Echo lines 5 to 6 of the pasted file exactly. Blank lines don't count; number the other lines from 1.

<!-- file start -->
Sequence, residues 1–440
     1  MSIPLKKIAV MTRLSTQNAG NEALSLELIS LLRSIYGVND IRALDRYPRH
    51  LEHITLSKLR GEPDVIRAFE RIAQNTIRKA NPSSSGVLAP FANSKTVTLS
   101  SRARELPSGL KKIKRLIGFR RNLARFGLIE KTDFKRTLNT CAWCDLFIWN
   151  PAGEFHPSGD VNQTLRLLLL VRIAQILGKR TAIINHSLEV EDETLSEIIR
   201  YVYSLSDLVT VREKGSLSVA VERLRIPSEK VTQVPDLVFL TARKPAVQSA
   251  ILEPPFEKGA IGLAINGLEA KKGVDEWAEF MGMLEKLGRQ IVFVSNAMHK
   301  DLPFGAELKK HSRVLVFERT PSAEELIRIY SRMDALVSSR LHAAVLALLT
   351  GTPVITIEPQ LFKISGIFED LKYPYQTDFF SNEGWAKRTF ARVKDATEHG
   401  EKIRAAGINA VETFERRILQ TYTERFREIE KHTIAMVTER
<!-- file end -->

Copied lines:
   151  PAGEFHPSGD VNQTLRLLLL VRIAQILGKR TAIINHSLEV EDETLSEIIR
   201  YVYSLSDLVT VREKGSLSVA VERLRIPSEK VTQVPDLVFL TARKPAVQSA